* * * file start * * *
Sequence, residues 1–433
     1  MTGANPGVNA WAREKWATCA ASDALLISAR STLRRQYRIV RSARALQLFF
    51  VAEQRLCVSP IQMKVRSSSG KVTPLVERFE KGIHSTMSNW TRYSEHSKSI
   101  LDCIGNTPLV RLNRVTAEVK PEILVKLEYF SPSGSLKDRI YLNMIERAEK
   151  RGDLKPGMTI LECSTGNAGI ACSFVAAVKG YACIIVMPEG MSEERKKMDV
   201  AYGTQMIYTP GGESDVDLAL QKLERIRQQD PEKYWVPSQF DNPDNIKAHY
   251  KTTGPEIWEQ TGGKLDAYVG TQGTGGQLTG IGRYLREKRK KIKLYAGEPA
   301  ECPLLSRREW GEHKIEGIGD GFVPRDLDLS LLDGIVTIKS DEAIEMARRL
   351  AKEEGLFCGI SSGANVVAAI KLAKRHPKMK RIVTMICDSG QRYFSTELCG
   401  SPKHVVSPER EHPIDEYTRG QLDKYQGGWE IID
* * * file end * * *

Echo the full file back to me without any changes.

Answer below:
Sequence, residues 1–433
     1  MTGANPGVNA WAREKWATCA ASDALLISAR STLRRQYRIV RSARALQLFF
    51  VAEQRLCVSP IQMKVRSSSG KVTPLVERFE KGIHSTMSNW TRYSEHSKSI
   101  LDCIGNTPLV RLNRVTAEVK PEILVKLEYF SPSGSLKDRI YLNMIERAEK
   151  RGDLKPGMTI LECSTGNAGI ACSFVAAVKG YACIIVMPEG MSEERKKMDV
   201  AYGTQMIYTP GGESDVDLAL QKLERIRQQD PEKYWVPSQF DNPDNIKAHY
   251  KTTGPEIWEQ TGGKLDAYVG TQGTGGQLTG IGRYLREKRK KIKLYAGEPA
   301  ECPLLSRREW GEHKIEGIGD GFVPRDLDLS LLDGIVTIKS DEAIEMARRL
   351  AKEEGLFCGI SSGANVVAAI KLAKRHPKMK RIVTMICDSG QRYFSTELCG
   401  SPKHVVSPER EHPIDEYTRG QLDKYQGGWE IID